Burning may begin as early as April 13 in partnership with BC Wildfire Service

An aerial view of the Williams Lake Stockyards taken during a flyover in 2020. (Monica Lamb-Yorski photo - Williams Lake Tribune)
Williams Lake Bull Show and Sale in its 84th year

This year’s sale will be online and in person

B.C. Cattlemen’s Association general manager Kevin Boon. (B.C. Cattlemen’s Association photo)
COVID, BSE, water access and private land rights: B.C. Cattlemen’s general manager weighs in

Kevin Boon said positive aspect of pandemic is more people interested in where their food comes from

Cariboo Chilcotin Conservation Society communications officer Brianna van de Wijngaard reflects on World Water Day March 22. (Photo submitted)
DOWN TO EARTH: World Water Day means something different for everyone

This year’s World Water Day theme was Valuing Water

Williams Lake Cycling Club president Shawn Lewis (from left), Jeremy Stoward of New Path Forestry, WLCC Boitanio Bike Park director Andrew Hutchinson accept a cheque from Williams Lake and District Credit Union investment specialist Abigail King. (Photo submitted)
Williams Lake Cycling Club gets bike park donation to bolster upgrades, maintenance

Plans are to complete three rideable lines each year, he added

Burnaby MLA Raj Chouhan presides as Speaker of the B.C. legislature, which opened it spring session April 12 with a speech from the throne. THE CANADIAN PRESS
B.C. NDP promises more health care spending, business support in 2021 budget

John Horgan government to ‘carefully return to balanced budgets’

Cannabis bought in British Columbia (Ashley Wadhwani/Black Press Media)
Is it time to start thinking about greener ways to package cannabis?

Packaging suppliers are still figuring eco-friendly and affordable packaging options that fit the mandates of Cannabis Regulations

A lady wears a sticker given out after receiving a COVID-19 vaccine at a clinic in Richmond, B.C., Saturday, April 10, 2021. THE CANADIAN PRESS
B.C.’s COVID-19 case count slows after last week’s peak

3,219 new cases since Friday, 18 additional deaths

North Cowichan councillor Tek Manhas did not violate the municipality’s code of conduct by posting a sexist meme on Facebook, council concludes. (File photo)
B.C. municipality to take no action against councillor who posted sexist meme

Tek Manhas’s meme doesn’t violate North Cowichan council’s code of conduct, municipality concludes

—Image: contributed
Indoor wine tastings still allowed in B.C., not considered a ‘social gathering’

“Tasting is really just part of the retail experience. The analogy I use is you wouldn’t buy a pair of pants without trying them on.”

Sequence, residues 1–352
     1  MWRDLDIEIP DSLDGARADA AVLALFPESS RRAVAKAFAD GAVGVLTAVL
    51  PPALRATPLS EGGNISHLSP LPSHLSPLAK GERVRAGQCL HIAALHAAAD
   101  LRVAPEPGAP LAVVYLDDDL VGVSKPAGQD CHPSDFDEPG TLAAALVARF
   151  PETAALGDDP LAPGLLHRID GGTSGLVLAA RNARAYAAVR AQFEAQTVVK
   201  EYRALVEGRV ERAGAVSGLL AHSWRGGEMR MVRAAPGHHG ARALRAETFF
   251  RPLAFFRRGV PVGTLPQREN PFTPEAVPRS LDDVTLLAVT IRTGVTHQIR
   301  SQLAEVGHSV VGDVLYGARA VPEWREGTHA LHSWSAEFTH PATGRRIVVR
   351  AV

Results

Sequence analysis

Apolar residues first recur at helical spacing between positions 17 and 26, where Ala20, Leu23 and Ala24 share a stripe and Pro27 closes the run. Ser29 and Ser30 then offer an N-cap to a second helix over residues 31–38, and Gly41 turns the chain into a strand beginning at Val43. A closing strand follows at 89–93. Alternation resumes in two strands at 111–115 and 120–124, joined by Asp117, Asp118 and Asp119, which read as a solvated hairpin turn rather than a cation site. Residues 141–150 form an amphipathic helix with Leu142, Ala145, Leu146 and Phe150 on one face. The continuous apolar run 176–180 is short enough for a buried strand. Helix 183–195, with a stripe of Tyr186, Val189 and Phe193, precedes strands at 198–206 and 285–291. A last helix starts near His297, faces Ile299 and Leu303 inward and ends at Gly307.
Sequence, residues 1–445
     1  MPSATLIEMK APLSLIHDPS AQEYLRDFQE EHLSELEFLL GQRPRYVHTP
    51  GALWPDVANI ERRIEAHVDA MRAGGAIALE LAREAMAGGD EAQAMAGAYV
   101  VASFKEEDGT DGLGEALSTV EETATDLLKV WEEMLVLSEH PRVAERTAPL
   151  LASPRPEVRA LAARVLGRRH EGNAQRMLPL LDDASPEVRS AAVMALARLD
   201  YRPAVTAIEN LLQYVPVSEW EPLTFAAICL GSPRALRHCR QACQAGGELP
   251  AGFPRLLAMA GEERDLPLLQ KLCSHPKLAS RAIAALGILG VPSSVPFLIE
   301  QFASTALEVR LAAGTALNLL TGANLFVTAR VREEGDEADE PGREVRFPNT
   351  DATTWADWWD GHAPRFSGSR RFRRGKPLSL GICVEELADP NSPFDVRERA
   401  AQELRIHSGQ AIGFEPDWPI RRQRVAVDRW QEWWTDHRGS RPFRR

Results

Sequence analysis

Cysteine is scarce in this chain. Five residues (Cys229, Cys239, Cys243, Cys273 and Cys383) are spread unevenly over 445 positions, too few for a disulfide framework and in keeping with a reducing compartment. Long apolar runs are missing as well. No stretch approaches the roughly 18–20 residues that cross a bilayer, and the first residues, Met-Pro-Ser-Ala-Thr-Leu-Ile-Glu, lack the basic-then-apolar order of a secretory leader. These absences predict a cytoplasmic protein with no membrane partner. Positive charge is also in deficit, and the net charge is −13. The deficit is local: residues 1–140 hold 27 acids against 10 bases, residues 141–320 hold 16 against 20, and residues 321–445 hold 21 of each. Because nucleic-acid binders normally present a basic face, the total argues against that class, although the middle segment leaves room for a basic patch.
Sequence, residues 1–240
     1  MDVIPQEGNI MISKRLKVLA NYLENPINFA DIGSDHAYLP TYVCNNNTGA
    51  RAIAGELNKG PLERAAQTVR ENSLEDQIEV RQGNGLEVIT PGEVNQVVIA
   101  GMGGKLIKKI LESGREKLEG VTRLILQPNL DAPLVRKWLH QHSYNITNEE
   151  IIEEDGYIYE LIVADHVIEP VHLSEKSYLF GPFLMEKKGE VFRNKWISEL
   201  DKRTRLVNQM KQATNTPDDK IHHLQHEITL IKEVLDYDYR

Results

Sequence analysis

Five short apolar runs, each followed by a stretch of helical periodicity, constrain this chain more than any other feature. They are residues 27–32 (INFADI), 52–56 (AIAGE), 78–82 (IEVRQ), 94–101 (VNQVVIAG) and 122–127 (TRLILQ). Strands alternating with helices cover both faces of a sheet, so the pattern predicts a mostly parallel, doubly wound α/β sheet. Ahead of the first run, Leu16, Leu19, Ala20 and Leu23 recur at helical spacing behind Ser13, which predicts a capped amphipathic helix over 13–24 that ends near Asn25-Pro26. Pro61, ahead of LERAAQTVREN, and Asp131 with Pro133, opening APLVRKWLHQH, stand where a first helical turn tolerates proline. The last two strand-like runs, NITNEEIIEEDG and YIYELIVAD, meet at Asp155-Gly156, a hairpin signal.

A sign on a shop window indicates the store is closed in Ottawa, Monday March 23, 2020. The Canadian Federation of Independent Business is raising its estimate for the number of businesses that are considering the possibility of closing permanently. THE CANADIAN PRESS/Adrian Wyld
Small business struggling amid COVID-19 pandemic looks for aid in Liberals’ budget

President Dan Kelly said it is crucial to maintain programs to help businesses to the other side of the pandemic

The National Security and Intelligence Committee of Parliamentarians says that includes attempts to steal Canadian research on COVID-19 and vaccines, and sow misinformation. (AP Photo/Esteban Felix)
Intelligence committee warns China, Russia targeting Canadian COVID-19 research

Committee also found that the terrorist threat to Canada has shifted since its last such assessment

Part of the massive mess left behind in a Spallumcheen rental home owned by Wes Burden, whose tenants bolted from the property in the middle of the night. Burden is now facing a hefty cleaning and repair bill as a result. (Photo submitted)
Tenants disappear in the night leaving Okanagan home trashed with junk, feces

Spallumcheen rental rooms filled with junk, human and animal feces; landlord scared to rent again

Parliament Hill is viewed below a Canada flag in Gatineau, Quebec, Friday, Sept. 18, 2020. A new poll suggests most Canadians are feeling more grateful for what they have in 2020 as a result of COVID-19 pandemic.THE CANADIAN PRESS/Sean Kilpatrick
Canada’s greenhouse gas emissions increased slightly in 2019: report

2019 report shows Canada emitted about one million tonnes more of these gases than the previous year

Most Read